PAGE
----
Occupy Fresno’s presence stands a vivid reminder that the core concern of the Occupy Movement has always been the obscene inequality in the United States and that it is nowhere more apparent than in this county. As economist Joseph Stiglitz recently wrote in the New York Times, “Ninety-five percent of all income gains since 2009 have gone to the top 1%. Recently released Census figures show that median income in America hasn’t budged in almost a quarter-century.” The county simply wants people to “get over it,” however, Occupy’s presence in Courthouse Park—specifically as an attribute of the homeless issue—is a First Amendment protected act of free expression and the seeking of a redress of grievances.

Other revisions include changing the closure hours to a 9 p.m. starting point, a revision that is likely unconstitutional and has no compelling purpose other than to target Occupy Fresno. Similarly, a new limitation on “personal property” is also highly suspect. It holds that personal property is limited to eight cubic feet, which is the equivalent of a small safe in which to put all of one’s worldly possessions, documents, medicines, clothing, food and water.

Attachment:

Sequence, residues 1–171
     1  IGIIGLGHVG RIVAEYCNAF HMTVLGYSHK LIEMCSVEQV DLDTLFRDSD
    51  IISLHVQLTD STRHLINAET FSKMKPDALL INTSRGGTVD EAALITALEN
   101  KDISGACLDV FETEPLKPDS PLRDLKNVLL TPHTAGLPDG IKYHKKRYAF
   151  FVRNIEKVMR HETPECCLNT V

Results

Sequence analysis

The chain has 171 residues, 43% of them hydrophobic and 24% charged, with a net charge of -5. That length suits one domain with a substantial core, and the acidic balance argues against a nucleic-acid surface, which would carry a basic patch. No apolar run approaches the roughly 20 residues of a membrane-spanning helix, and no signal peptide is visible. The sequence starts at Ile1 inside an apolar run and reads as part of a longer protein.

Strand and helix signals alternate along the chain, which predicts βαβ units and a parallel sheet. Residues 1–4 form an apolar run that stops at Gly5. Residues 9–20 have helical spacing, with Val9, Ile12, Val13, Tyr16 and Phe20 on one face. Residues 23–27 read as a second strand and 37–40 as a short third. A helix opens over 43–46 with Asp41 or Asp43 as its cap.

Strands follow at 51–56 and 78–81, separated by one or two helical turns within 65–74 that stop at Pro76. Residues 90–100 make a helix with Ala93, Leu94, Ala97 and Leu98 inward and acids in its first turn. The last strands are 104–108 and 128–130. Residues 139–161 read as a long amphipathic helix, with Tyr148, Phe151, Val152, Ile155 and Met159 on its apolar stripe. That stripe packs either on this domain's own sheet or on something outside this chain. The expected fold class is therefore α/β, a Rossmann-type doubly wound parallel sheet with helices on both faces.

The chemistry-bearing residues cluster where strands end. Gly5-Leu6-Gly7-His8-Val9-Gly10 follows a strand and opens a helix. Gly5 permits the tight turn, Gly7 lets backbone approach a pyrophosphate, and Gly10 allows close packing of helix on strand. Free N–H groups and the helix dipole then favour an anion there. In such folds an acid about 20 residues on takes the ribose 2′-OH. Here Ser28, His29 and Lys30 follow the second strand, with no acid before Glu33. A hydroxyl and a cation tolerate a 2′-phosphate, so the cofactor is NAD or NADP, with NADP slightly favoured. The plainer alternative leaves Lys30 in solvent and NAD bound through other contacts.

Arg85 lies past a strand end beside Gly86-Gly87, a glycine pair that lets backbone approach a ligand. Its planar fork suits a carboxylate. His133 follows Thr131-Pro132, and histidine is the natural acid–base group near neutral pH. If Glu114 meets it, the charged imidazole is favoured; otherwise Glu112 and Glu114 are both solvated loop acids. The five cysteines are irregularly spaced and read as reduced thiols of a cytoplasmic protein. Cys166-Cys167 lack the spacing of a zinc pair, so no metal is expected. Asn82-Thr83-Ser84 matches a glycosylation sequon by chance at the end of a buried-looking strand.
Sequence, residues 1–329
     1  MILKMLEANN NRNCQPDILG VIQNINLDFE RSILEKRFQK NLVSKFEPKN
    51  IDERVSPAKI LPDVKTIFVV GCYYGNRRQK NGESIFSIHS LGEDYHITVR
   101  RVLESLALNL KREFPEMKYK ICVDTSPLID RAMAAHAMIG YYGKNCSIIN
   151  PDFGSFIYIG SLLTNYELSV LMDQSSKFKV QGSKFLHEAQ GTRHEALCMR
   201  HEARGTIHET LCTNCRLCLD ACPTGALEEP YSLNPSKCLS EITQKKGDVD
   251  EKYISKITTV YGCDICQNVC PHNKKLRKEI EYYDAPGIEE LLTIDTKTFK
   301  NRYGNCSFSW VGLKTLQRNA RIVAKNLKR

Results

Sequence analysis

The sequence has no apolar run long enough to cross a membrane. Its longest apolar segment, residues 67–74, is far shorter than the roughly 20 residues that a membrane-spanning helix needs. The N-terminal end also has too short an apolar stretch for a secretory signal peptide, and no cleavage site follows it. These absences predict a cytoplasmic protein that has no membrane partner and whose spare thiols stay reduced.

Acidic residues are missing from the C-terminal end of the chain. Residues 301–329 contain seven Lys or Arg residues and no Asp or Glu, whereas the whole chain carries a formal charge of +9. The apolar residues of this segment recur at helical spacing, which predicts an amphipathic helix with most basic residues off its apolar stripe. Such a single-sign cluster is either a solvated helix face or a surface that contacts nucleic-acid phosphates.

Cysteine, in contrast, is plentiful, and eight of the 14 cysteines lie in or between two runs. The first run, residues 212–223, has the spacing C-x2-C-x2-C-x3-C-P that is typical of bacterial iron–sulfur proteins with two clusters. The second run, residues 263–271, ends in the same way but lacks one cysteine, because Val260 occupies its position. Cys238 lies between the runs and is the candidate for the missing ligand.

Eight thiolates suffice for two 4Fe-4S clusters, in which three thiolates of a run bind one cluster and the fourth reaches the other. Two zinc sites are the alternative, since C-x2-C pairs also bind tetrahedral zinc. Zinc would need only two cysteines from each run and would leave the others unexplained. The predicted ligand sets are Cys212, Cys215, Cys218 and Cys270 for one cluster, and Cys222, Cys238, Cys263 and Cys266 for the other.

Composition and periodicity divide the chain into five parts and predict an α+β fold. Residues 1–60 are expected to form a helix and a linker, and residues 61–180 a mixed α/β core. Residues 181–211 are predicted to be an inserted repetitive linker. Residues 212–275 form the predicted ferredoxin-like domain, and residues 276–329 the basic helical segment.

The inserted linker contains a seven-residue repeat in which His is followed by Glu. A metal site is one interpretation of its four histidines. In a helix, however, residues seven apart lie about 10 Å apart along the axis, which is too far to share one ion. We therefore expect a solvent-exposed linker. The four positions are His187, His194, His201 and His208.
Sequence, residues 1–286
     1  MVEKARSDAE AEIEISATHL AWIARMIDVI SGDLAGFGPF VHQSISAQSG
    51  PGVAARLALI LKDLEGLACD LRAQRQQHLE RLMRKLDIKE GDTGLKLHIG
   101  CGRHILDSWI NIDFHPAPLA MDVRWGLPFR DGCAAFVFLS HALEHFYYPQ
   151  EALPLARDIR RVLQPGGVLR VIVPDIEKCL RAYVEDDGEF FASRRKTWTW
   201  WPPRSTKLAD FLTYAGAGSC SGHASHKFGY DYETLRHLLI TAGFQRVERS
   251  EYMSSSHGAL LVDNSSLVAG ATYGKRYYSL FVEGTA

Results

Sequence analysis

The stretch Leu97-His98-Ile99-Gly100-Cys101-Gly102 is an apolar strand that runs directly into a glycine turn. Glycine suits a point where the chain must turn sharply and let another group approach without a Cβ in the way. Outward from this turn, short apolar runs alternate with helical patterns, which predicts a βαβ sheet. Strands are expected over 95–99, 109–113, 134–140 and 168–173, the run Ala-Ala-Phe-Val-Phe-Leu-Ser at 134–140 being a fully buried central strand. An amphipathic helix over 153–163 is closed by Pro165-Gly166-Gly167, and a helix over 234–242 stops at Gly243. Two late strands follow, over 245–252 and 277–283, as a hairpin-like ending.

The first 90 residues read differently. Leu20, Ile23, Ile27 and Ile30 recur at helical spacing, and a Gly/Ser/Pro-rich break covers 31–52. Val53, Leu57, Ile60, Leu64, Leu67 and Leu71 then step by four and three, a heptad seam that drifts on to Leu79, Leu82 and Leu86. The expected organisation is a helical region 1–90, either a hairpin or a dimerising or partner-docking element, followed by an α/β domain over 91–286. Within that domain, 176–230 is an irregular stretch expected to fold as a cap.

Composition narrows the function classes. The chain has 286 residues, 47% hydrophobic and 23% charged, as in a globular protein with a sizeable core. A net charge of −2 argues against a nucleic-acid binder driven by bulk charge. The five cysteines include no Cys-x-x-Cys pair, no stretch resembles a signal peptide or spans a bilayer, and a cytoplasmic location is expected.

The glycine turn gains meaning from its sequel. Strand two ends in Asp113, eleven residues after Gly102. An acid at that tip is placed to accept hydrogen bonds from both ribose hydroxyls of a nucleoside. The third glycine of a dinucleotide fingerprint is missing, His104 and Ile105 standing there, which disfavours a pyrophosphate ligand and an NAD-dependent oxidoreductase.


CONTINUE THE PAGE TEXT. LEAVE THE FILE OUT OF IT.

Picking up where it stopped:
Welcome then not only to Orwell’s 1984 police and constant-warfare state but also to Down and Out in Fresno where, if you’re poor and have no home, just keep it moving buddy, keep it moving.


Robert Navarro is a criminal defense and civil rights attorney and vice president of Fresno Filmworks. Contact him at



  • Mike Rhodes

    Mike Rhodes is the executive director of the Community Alliance, was the editor of this newspaper from 1998 to 2014 and the author of several books. Contact him at